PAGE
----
Lake Endine (Italian: Lago d'Endine) is a lake of the Province of Bergamo, Lombardy, Italy. Covering an area of 2.1 square kilometres, it is formed by the Cherio River at an altitude of 337 metres in the Val Cavallina. The lake lies in the territories of the municipalities of Endine Gaiano, Monasterolo del Castello, Ranzanico and Spinone al Lago.
The lake, set in the narrow valley between tall peaks, has preserved virtually intact the natural environment previously classified "area of remarkable environmental interest" by the authorities of the Lombardy region, subsequently promoted to park and as such subject to protection. The lake banks alternate thick reeds - an ideal breeding area for the wide variety of fish and a bird haven - to small beaches densely populated during week-ends by tourists, who can picnic there in areas suitably equipped with wooden tables, waste bins, etc.
The lake water, sufficiently clear, tends to a characteristic dark green colour. On the West bank, beyond state road no. 42, the territory is highly anthropised, especially in the lower sector; the less sunny East bank, on the other hand, has few villages.
The lake perimeter can be walked entirely on foot, since it is flanked on the East side by the road connecting Monasterolo del Castello to Endine Gaiano. A few kilometers north-east of this last village there is another tiny lake, lake Gaiano, no more than 200 metres long and 100 metres wide, highly renowned for fishing pike.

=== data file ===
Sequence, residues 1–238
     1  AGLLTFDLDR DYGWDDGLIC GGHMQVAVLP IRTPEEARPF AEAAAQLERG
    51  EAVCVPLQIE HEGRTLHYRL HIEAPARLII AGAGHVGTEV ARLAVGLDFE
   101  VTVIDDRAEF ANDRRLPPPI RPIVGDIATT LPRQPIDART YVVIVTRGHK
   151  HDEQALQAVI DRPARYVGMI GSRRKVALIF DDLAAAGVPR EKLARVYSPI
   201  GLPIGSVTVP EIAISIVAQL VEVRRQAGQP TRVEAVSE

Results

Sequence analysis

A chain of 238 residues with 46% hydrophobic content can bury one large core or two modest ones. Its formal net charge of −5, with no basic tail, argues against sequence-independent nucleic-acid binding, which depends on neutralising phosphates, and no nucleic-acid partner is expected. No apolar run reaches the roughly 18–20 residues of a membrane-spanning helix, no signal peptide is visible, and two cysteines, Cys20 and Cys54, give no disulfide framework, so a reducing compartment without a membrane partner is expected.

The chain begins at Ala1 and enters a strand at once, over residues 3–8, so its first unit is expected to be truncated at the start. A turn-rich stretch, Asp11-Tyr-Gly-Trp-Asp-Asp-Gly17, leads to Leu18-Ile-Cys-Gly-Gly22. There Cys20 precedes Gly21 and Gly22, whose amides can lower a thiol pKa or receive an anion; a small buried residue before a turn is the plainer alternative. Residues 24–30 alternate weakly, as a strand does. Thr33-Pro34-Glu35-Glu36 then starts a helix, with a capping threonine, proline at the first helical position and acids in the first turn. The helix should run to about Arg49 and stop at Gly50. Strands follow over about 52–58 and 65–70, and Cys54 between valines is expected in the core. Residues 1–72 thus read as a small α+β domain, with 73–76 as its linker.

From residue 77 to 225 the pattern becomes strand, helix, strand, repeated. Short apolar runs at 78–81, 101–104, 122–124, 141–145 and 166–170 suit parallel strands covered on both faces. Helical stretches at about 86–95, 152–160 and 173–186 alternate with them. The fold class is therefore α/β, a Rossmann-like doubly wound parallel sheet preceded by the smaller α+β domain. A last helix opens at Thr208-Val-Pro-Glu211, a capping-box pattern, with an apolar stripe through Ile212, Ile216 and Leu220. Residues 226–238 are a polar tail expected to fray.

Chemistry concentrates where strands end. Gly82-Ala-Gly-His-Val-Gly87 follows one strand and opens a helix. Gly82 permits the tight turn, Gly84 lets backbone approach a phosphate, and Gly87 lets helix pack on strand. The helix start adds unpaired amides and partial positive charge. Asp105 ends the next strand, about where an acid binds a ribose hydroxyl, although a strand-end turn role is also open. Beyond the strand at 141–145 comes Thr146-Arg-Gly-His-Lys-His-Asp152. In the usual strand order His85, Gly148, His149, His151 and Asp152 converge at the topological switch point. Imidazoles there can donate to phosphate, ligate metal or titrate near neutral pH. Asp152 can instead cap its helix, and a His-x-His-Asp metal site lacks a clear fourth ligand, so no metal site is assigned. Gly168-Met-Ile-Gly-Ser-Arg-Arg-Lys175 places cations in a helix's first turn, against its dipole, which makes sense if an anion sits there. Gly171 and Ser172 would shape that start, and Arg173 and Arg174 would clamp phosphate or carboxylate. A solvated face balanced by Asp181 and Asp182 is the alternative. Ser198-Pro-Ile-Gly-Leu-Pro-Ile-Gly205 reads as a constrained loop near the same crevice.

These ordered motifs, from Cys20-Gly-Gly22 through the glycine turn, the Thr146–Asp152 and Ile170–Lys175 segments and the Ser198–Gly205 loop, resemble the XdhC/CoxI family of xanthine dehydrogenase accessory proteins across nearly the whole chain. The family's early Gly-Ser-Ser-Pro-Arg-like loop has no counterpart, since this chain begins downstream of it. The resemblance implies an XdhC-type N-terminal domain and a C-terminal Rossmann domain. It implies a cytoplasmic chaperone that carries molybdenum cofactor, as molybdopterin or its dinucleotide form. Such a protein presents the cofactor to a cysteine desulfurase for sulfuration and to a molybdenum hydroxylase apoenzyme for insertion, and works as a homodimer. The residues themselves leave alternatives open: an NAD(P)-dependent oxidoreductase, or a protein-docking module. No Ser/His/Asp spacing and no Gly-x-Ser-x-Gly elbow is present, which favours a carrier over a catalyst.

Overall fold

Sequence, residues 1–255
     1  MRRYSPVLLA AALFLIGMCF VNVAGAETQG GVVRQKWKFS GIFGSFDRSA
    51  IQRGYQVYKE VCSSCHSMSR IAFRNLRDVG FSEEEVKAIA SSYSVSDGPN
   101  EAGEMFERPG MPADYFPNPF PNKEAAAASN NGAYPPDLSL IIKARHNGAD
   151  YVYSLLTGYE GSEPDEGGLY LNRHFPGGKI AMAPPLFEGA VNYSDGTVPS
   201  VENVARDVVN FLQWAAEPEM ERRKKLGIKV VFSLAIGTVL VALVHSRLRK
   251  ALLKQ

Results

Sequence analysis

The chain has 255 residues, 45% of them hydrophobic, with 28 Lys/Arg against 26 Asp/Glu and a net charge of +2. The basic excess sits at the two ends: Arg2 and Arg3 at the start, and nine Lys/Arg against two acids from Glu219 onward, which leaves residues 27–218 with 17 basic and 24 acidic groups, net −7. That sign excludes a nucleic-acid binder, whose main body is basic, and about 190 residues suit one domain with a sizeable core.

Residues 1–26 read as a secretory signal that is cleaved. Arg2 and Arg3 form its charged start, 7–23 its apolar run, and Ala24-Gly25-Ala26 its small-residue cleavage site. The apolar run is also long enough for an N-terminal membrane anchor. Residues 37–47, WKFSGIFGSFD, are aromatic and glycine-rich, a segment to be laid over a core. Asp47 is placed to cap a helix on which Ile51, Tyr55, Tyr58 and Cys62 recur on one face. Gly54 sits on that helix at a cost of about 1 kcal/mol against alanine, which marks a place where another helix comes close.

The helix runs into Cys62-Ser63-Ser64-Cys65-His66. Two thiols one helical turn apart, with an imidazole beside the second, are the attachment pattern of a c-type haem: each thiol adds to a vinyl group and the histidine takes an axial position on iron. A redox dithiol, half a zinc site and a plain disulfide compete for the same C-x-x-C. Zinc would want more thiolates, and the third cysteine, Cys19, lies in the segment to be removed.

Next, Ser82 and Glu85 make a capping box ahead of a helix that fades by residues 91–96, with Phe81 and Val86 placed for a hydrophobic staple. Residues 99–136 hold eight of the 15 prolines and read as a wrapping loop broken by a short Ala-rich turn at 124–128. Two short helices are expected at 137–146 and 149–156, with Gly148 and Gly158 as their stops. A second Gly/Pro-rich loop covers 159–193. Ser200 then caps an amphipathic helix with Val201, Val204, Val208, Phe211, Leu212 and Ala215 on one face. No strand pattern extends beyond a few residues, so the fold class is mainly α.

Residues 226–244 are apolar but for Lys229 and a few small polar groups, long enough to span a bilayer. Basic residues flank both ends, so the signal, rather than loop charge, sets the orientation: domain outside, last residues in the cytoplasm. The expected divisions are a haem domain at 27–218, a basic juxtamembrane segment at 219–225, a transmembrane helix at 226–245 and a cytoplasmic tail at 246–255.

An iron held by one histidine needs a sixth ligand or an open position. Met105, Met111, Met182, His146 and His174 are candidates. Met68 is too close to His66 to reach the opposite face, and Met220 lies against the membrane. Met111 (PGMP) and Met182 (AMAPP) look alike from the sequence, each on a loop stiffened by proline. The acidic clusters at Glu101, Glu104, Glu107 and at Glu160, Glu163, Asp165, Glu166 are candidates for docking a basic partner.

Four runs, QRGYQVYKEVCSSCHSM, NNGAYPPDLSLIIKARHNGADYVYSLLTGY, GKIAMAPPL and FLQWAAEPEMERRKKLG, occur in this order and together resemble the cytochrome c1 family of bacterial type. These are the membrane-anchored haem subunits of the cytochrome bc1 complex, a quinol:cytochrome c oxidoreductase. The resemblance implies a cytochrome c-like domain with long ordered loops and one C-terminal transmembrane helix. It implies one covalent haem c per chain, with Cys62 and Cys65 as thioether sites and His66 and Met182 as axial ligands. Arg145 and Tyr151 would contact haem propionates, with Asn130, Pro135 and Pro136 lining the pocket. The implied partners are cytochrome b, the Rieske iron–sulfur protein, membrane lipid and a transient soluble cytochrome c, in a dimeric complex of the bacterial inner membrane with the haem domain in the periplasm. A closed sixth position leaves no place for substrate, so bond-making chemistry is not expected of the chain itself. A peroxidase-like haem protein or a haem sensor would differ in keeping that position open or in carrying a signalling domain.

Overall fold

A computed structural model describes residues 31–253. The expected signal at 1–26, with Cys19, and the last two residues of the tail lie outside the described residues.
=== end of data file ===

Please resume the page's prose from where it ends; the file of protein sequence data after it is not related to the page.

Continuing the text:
The nearby villages and territory do not have remarkable monuments of times past, except for the Medieval castle of the Suardi, located at Bianzano, from which traffic on the lake could be controlled. Water sports are practised on the lake (sailing, windsurfing, canoeing and kayaking), as well as fishing.
Free camping is not allowed, nor is using motor boats.
Ancient donkey paths rise up from Endine Gaiano and from the right bank to Ranzanico and from there to Bianzano. The small lakeside villages have small churches rich in works of art.
In the coldest winter days the lake is covered by a thick layer of ice and it is possible to walk and in some spots to ice skate or ride a bicycle on it (although forbidden by municipal regulations due to safety reasons). Winter crossing of the frozen lake was exploited up to 19th century to cross the lake from Monasterolo at its narrowest point and reach the West bank.